A trio of city officials accepted plea deals in the on-going Cudahy corruption scandal and admitted to taking bribes in exchange for their support of marijuana dispensary permits. Former Councilman Osvaldo Conde on Wednesday became the latest Cudahy elected official to plead guilty to bribery and extortion charges. Ana Garcia reports for the NBC4 News at 5 p.m. on July 18, 2012.
Just over a week after two Cudahy officials agreed to plead guilty to federal charges in an ongoing corruption case that alleges bribery, extortion and election fraud in the small Los Angeles County city, a third official has reached a plea deal with prosecutors.
Councilman Osvaldo Conde agreed to plead guilty to one count of extortion and one count of bribery, according to documents released by the U.S. Attorney's Office Wednesday.
Conde, 50, had recently resigned from the City Council. When he was arrested last month, he holed up in a business he owned, leading to a four-hour standoff with police.
Conde's council colleague David Silva and former city code enforcement chief Angel Perales accepted plea deals last week.
"None of the three continues to serve as a public official in that city … It's a positive development in the case," said Assistant U.S. Attorney Joseph Akrotirianakis.
The three are slated to be arraigned Thursday in U.S. District Court in downtown Los Angeles, though they will not formally enter guilty pleas until a future hearing, according to Thom Mrozek, a spokesman for the U.S. Attorney Office of the Central District of California.
Perales' plea agreement revealed allegations that elections in 2007 and 2009 were rigged in favor of incumbents.
Akrotirianakis said he could not comment on any additional charges for other city officials who were involved in election rigging. Perales' agreement protects him from prosecution on charges related to those alleged crimes.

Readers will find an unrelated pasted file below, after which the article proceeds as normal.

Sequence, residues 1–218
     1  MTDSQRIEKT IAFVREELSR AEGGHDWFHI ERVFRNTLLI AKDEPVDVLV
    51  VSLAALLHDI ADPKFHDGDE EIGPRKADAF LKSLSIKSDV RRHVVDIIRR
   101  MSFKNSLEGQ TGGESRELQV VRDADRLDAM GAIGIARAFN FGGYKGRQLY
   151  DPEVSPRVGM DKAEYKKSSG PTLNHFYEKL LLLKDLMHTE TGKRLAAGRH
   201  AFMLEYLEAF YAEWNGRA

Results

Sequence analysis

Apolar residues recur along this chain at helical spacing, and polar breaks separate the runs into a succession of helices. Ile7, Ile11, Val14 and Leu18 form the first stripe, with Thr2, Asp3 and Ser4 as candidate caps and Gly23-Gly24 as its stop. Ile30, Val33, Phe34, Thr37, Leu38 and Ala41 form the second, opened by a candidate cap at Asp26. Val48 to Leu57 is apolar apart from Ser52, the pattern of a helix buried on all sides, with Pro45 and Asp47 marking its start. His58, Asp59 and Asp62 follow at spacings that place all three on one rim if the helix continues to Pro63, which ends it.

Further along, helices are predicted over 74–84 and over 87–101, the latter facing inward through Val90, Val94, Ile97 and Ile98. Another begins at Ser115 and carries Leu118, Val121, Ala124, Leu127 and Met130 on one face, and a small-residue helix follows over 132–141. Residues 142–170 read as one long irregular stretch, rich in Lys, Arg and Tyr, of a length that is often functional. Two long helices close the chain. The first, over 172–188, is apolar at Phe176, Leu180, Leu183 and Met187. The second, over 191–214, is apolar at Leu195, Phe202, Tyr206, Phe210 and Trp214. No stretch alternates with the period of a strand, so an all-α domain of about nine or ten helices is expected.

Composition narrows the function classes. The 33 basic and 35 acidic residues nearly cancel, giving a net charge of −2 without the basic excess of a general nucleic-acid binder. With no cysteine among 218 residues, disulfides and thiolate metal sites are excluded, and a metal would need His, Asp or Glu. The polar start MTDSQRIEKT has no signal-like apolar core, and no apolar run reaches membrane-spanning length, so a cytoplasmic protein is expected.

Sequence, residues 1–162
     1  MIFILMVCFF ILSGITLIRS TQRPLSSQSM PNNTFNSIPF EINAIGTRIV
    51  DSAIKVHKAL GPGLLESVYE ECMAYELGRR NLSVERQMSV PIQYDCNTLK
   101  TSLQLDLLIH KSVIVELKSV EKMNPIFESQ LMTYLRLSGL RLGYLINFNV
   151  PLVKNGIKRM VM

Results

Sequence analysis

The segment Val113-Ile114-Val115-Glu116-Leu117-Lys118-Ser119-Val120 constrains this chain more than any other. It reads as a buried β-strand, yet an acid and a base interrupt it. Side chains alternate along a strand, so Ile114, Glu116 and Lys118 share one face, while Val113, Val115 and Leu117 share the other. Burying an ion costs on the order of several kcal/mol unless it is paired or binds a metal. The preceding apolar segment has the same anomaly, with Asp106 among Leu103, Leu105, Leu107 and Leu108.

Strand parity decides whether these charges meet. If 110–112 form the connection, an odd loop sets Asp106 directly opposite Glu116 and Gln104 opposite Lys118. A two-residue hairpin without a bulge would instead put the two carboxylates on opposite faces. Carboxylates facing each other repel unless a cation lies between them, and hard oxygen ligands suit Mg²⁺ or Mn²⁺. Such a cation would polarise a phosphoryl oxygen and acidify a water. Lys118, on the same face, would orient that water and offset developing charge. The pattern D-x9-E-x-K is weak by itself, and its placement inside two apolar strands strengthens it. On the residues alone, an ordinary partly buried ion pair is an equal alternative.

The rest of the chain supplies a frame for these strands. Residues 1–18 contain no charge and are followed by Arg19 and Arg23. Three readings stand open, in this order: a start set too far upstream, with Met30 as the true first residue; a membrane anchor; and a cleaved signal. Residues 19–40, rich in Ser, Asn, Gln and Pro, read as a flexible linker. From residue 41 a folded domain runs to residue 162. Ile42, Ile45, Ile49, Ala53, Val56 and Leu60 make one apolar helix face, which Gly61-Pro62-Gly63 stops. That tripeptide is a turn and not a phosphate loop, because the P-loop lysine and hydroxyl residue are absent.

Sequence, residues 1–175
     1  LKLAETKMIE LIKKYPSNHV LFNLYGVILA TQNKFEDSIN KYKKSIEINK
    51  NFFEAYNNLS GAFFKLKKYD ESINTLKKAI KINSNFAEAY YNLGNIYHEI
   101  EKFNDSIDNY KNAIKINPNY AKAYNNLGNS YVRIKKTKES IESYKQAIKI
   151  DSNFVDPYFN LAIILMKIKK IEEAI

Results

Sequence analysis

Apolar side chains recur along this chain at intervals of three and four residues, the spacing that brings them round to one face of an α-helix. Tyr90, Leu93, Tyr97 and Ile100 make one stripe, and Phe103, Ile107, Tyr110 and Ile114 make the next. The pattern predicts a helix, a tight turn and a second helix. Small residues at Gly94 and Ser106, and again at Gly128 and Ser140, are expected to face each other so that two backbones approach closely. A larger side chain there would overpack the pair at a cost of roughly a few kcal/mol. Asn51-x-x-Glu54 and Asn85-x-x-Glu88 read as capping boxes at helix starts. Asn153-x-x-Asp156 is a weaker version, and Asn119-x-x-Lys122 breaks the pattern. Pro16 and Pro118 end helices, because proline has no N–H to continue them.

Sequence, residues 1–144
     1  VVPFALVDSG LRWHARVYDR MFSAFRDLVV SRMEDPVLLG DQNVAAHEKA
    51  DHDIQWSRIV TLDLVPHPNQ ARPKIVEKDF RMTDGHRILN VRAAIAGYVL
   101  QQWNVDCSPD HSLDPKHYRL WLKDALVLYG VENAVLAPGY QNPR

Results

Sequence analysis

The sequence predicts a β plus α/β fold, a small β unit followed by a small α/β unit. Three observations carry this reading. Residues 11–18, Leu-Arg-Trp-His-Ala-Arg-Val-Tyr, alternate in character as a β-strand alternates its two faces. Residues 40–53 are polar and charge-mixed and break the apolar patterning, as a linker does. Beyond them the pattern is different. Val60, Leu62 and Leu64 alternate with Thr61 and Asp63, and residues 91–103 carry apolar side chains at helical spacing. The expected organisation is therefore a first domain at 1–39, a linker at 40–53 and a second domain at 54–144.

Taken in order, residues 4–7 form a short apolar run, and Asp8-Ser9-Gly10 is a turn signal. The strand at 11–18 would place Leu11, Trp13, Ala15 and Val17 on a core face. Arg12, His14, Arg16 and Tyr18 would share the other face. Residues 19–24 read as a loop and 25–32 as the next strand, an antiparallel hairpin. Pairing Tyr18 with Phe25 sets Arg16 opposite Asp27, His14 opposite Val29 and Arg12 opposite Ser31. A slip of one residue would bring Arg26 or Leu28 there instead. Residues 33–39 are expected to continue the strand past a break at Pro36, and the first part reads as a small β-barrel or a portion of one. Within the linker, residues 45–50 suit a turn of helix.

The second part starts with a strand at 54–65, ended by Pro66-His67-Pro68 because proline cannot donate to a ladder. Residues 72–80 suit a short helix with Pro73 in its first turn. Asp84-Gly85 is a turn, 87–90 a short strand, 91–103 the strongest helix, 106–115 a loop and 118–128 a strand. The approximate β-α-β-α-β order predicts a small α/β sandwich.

"I should point out that the judge will be free to consider those additional facts" at sentencing time, Akrotirianakis noted.
The agreements also detailed other examples of alleged corruption at City Hall, including thousands of dollars of bribes and payments to city officials from contractors and people who ran businesses in the city southeast of downtown Los Angeles.
Akrotirianakis again said he couldn't comment on whether prosecutors will file charges against business owners who may have bribed city officials, but he noted that the same bribery statutes that apply to the three Cudahy officials could apply to those who may have offered or paid bribes.
"The investigation will continue," Akrotirianakis said. "I can't say the scope of the investigation, who the targets are or what the target charges are."
The three were implicated by a confidential FBI informant who in January and February pretended he wanted to open a marijuana dispensary in Cuduhy, according to court documents. In exchange for money, the councilmen said they would support a proposed pot shop.
Conde's plea agreement states that he accepted $5,000 in an envelope from the informant at El Potrero nightclub in Cudahy on Feb. 28, then got an additional $2,000 later that night. Silva and Perales also got $5,000 each.
The agreement in Conde's plea deal does not detail any instances of alleged election fraud.